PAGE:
‘It may be a while before Crazy Rich Asians 2 is made’—star Constance Wu

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Photo: Facebook screengrab

The good news is that China Rich Girlfriend, the sequel to summer blockbuster Crazy Rich Asians, has been greenlighted for production after the movie proved to be a monster hit.

The bad news is that it may take a while for China Rich Girlfriend to be made, because of the heavy schedule of director Jon M. Chu.

Crazy Rich Asians’ star Constance Wu, who plated protagonist Rachel Chu in the movie, said that the director’s plate for 2019 is already full.

“I don’t know much about the production side of things. But I know that Jon wants to direct the next one, and all next year he’s directing In The Heights,” the actress said at Vulture Festival in Los Angeles last Saturday, November 17.

Crazy Rich Asians was an enormous success when it opened in August, making over S$324 million around the globe. In the movie, which is based on a series of novels by Singaporean-American writer Kevin Kwan about the lives of the uber-rich, Wu’s character meets the family of her boyfriend, Nick Young, played by breakout star Henry Golding, and the luxurious circles they travel in. China Rich Girlfriend is followed by Rich People Problems, the final novel in the series.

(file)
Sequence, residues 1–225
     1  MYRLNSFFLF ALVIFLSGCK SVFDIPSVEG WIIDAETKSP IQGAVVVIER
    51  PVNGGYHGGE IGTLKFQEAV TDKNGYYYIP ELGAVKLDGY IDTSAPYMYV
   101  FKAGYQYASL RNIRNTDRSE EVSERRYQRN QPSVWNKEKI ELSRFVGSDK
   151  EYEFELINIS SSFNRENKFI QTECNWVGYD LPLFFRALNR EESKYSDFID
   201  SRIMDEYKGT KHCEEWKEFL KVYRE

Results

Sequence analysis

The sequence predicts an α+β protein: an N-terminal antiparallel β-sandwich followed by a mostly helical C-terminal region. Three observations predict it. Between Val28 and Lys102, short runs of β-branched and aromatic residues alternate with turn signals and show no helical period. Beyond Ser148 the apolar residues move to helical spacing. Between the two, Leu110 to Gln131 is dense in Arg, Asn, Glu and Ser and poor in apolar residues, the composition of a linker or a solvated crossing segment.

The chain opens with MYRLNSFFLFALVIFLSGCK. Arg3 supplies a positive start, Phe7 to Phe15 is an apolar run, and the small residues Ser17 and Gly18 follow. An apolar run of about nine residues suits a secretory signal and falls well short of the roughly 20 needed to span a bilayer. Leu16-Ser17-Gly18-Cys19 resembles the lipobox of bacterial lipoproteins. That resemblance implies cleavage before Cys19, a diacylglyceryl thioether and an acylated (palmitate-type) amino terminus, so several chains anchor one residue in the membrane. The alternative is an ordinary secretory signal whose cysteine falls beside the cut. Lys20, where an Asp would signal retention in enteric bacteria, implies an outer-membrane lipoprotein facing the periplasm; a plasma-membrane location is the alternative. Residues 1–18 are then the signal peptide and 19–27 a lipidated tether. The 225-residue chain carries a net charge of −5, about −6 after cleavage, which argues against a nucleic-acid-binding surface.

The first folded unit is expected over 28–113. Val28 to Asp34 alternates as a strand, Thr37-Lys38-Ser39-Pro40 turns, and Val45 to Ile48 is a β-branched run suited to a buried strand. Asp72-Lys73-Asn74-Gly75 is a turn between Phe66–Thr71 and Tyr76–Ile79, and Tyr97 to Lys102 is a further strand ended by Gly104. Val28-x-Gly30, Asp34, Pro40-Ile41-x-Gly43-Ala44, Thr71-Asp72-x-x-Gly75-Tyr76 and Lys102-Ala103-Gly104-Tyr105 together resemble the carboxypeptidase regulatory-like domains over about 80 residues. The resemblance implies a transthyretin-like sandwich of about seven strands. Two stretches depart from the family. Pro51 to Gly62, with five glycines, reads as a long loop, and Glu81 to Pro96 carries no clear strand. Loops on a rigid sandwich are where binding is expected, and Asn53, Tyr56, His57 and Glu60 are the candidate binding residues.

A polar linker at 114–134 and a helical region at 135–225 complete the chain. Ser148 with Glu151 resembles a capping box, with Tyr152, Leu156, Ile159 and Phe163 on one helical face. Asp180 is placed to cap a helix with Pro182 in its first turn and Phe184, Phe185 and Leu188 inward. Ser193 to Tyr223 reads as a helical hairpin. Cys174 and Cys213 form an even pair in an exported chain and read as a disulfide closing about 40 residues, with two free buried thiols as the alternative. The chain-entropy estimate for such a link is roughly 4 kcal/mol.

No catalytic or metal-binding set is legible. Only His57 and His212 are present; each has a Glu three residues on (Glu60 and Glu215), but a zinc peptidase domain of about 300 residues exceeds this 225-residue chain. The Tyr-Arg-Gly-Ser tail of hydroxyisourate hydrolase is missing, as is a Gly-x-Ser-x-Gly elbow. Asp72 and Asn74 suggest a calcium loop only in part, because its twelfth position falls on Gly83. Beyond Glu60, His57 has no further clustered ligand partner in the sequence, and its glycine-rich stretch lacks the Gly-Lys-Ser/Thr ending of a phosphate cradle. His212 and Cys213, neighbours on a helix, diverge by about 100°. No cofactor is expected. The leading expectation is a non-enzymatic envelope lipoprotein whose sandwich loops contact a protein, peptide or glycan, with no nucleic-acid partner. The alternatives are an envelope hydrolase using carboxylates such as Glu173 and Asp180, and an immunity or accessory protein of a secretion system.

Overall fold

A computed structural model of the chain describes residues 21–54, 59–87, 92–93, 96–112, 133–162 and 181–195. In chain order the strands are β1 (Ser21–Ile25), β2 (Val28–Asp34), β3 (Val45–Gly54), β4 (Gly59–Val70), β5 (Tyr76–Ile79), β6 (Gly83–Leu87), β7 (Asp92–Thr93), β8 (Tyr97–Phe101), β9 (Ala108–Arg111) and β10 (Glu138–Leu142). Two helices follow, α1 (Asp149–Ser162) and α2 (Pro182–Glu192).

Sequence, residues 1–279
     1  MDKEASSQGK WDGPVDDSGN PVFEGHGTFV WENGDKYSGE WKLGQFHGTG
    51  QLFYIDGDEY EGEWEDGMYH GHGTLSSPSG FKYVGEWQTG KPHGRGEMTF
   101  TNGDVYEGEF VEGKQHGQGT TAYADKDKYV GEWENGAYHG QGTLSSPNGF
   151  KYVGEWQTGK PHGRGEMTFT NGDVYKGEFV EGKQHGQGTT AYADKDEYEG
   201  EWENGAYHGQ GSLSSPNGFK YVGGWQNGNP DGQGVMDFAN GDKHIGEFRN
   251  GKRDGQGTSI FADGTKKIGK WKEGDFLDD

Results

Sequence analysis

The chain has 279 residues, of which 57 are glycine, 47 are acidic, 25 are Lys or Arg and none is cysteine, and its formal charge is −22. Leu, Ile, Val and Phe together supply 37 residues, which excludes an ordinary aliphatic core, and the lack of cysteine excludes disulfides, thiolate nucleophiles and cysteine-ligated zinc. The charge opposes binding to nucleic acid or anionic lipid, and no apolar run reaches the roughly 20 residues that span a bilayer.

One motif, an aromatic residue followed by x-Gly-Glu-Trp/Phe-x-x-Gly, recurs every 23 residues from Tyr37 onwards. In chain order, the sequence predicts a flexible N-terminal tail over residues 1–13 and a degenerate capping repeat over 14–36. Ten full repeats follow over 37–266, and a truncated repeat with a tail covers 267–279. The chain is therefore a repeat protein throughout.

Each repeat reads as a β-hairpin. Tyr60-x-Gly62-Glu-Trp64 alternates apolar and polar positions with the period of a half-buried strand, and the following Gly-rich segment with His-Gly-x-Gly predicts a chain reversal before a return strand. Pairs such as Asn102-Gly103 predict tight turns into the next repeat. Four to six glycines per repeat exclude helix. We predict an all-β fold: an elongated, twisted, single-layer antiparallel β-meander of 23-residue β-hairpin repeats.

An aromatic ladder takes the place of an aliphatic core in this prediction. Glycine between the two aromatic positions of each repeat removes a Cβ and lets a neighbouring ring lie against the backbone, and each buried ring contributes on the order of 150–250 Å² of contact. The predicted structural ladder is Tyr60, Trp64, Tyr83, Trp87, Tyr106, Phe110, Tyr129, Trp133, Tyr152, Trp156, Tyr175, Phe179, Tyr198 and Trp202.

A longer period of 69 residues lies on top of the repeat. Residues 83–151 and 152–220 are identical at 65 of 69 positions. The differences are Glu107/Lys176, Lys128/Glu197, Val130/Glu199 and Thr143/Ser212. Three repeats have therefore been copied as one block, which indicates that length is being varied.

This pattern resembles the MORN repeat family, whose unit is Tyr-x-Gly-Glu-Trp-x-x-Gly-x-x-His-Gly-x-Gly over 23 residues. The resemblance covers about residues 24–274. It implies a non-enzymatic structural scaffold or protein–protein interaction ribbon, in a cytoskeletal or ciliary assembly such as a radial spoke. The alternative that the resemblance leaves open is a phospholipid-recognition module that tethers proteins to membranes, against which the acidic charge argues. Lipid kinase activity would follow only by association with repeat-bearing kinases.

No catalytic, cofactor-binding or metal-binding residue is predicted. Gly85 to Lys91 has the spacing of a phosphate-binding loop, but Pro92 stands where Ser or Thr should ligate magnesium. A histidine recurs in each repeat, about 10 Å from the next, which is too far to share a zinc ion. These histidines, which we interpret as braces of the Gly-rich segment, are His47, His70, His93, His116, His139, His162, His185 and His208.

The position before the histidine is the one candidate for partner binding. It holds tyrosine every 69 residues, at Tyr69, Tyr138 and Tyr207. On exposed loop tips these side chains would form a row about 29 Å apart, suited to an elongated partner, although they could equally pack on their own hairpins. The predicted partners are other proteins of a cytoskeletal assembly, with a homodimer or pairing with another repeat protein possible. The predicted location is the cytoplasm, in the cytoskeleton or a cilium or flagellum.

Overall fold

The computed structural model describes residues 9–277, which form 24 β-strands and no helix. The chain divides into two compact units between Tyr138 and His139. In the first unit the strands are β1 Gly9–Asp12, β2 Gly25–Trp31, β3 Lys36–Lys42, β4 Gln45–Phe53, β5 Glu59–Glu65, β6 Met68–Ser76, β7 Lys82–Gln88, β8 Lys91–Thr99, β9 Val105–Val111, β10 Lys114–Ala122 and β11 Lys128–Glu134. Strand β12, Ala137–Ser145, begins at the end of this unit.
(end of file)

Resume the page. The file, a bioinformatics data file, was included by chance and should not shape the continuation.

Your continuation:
Golding has been in the spotlight recently, due to the backlash he has received because he was raised in the United Kingdom, even though he was born in Malaysia and is half Iban.

“No one knows the three-dimensional story of who I am. Or anyone is. And coming from such a grounded culture as the Iban, you cannot get any more rooted in Asian culture. We’re native. But then, because I have my heritage of being British as well, it always negates that,” Golding explained.

Fans of the movie will be delighted to know that Gemma Chan’s character Astrid will have a bigger role in the sequel, though Nick and Rachel’s character still play central roles.

As for Wu, there’s a strong possibility that she may star alongside singer-actress Jennifer Lopez in a movie based on ‘The Hustlers at Scores,’ a magazine article which centers around strippers and their Wall Street clients.

Wu said, “I met the director of that movie, and I really liked it. I liked the script, and I liked the director…. It’s still something I’m thinking about…It’s a great story. It’s about these strippers who find these Wall Street douchebags and fleece them out of their money, and they got away with it for a while.”

Wu said she was unconcerned about how Crazy Rich Asians would do at the box office. “I knew there was a grossly underserved audience hungry for content, and the fact that it had been 25 years [since the last all-Asian cast studio film, The Joy Luck Club], was kind of built-in press, so I knew people were going to go and see it.”

Read related: Singapore, for those who aren’t Crazy Rich